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Getting on The Pill at MIT

A publication by the Student Health Advisory Committee

Brown University Health Education. “Birth Control Pills (BCPs).”< _Services/Health_Education/sexual_health/ssc/bcps.htm> Epigee Women’s Health. “Oral Contraceptives.” <http://>

Getting questions answered and finding birth control at MIT can be easy…if you know how to go about it. What can you do to get your questions on birth control and STI prevention answered? How can you get personalized information confidentially? This booklet is an A-Z guide on finding a PCP at MIT Medical and getting on the pill, all the while maintaining your confidentiality.

Feminist Women’s Health Center. “The Pill- Oral Contraceptive.” <> Mayo Clinic. “Birth Control Pill FAQ: Benefits, risks and choices” <> National Women’s Health Resource Center. “Birth Control Pills.”< ontrolpills> Nemour’s Foundation. “Birth Control: Birth Control Pill.” < ption/contraception_birth.html> Organon. “Missed Pill.” < emergency_cont/missed_pill.asp>

Phone directory: Routine GYN care (Paps, birth control, STD testing) MIT Medical Gynecology Medical issues/questions Student Insurance MIT Medical billing issues MIT Pharmacy Nearby pharmacies CVS pharmacy (Cambridge St.,Cambridge) CVS pharmacy (Newbury St., Boston) Inman pharmacy (Cambridge) Walgreens pharmacy (Boylston St., Boston) Kendall Drugs (Cambridge) Rite Aid pharmacies (Service Rd., Boston) (617) 258-5384 (617) 253-1315 (617) 253-4481 (617) 253-5979 (617) 258-5336 (617) 253-1324 (617) 354-4130 (617) 236-2210 (617) 876-4868 (617) 236-1692 (617) 876-1221 (617) 287-9301

Table of Contents
How to find a PCP The first visit The Pill How does it work? How to start Side Effects Danger Signs FAQ Financial Confidentiality Phone directory

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How to find a PCP at MIT Medical
The purpose of a primary care provider is to determine your health care needs, perform routine physical exams, and help you decide on the most appropriate services or course of treatment. At MIT Medical, physicians and nurse practitioners are available from a variety of specialties. To register for one online, simply fill out a Personal Clinician Choice form at or call 617-253-4481 A list of clinical staff open to accepting new patients is available at (Note: list is organized by category of care) *Be aware that some of these clinicians are available on certain weekdays only. You may want to check their typical availabilities before deciding on a PCP.* If you already have a PCP at MIT Medical, you can call his/her office directly to make an appointment or go to “Patient on-line” and request an appointment. Depending on availability, the appointment may be made with your PCP, another physician, or a nurse practitioner.

Financial Confidentiality
FAQs 1) If I’m not under student insurance, and I start seeing a MIT Medical clinician, will my visits cost money? Will it be billed to my bursar account? No, you don’t have to pay in order to see a MIT Medical clinician. 2) If I buy the Pill through my outside insurance, will the bill be sent to my parents? Yes, if the insurance is under your parent’s name, a bill will be sent to your parents. 3) Will I be billed for the tests from my first visit? (eg. Pap smear, HIV) Preliminary testing, such as for HPV or HIV, will not be billed to your bursar account. For any further questions, call the billing office: (617) 258-5336.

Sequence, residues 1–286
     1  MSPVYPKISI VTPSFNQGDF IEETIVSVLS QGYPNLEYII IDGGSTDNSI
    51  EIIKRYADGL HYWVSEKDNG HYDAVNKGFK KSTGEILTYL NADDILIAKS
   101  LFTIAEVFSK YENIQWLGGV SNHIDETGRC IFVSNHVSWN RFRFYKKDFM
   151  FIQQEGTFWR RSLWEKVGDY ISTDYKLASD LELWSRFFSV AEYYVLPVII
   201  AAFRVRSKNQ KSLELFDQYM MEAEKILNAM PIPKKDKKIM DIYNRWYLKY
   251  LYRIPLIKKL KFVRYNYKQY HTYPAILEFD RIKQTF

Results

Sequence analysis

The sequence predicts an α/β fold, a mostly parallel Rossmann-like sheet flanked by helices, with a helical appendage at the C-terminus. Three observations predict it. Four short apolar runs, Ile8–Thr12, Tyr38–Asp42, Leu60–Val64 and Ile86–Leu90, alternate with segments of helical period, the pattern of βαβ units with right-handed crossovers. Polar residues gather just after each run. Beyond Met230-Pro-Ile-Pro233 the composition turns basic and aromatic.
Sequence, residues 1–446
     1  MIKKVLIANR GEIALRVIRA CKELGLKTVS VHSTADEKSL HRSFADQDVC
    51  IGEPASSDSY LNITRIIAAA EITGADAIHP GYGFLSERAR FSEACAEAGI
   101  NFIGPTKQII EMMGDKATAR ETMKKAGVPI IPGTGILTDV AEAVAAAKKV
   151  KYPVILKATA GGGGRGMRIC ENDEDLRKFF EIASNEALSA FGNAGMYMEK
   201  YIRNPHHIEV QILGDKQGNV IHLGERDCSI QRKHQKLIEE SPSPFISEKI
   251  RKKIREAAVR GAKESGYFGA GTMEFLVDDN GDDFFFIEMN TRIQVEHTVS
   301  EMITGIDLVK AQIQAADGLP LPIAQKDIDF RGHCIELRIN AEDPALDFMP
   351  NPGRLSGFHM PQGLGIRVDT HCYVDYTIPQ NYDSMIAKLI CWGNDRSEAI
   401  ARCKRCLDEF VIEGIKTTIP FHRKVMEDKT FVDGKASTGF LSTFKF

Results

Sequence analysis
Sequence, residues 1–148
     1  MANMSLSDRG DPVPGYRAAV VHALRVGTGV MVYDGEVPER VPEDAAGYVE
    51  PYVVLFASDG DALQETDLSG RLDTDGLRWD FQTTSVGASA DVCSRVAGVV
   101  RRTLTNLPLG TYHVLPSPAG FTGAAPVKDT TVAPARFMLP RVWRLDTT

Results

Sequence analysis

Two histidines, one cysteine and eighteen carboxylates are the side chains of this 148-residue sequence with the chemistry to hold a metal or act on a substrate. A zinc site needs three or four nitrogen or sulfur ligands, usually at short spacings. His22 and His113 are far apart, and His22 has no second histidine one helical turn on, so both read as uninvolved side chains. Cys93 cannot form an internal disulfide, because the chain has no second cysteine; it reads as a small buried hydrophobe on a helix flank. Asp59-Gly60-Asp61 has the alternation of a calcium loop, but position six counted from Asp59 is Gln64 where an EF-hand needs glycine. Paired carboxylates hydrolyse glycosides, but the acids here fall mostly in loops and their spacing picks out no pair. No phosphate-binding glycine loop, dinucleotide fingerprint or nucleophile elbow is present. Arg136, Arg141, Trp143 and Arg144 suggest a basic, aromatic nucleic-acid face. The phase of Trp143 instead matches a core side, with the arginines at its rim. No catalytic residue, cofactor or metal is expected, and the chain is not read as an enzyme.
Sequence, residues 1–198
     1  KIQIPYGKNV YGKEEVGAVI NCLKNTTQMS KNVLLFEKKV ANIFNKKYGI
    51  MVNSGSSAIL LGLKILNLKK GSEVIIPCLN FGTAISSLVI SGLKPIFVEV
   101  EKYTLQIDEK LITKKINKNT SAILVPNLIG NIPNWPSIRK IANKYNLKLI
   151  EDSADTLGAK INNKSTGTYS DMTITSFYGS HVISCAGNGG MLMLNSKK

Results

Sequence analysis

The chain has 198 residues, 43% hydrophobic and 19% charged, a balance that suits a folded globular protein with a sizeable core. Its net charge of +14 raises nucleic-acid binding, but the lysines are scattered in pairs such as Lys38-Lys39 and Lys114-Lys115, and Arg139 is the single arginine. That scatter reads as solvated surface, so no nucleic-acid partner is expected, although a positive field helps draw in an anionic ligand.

How much does it cost? The pill usually costs between $20 and $50 a month, depending on the type. Many health and family planning clinics (such as Planned Parenthood) sell birth control pills for less. In addition, birth control pills and clinician visits are covered by many health insurance plans.

An alternative way to get on the pill If you are a regular patient in gynecology, you can call to schedule an appointment with the GYN RN. He/she will ask you a series of background questions to determine if you are eligible to use the pill. If the RN determines you need to be seen by a clinician before starting the pill, you will be able to make an appointment to be seen by a nurse practitioner in Internal Medicine or Gynecology.


Will the Pill make it harder for me to get pregnant in the future? There is no scientific evidence to support this claim. Studies have cited women who have been on the pill for 12 years and who were still able to get pregnant later. Women who had regular menstrual cycles before starting the pill return to having regular menstrual cycles when they stop the pill. Women who had irregular menstrual cycles before starting the pill usually return to having irregular menstrual cycles.

The First Visit
What to expect A physician or a nurse practitioner must prescribe the pill. He or she will do a complete physical exam, which most often will include a pelvic exam. Depending upon whether you’ve been sexually active in the past, your PCP will probably ask you to undergo a series of tests. Some common tests include a Pap smear (test for cervical cancer) and tests for HIV and other STI’s. These tests are covered for all students under the basic insurance plan at MIT Medical even if you don’t have student extended insurance. HIV testing is free as long as the laboratory work is conducted at MIT Medical’s facility. The physician or nurse practitioner will often prescribe three months worth of pills. The physician or nurse practitioner will usually ask the patient to return in 1-3 months for a follow up visit and to check blood pressure. If there are no problems and the patient wants to continue to use the Pill, the physician or nurse practitioner will probably write another prescription for 6 to 12 months.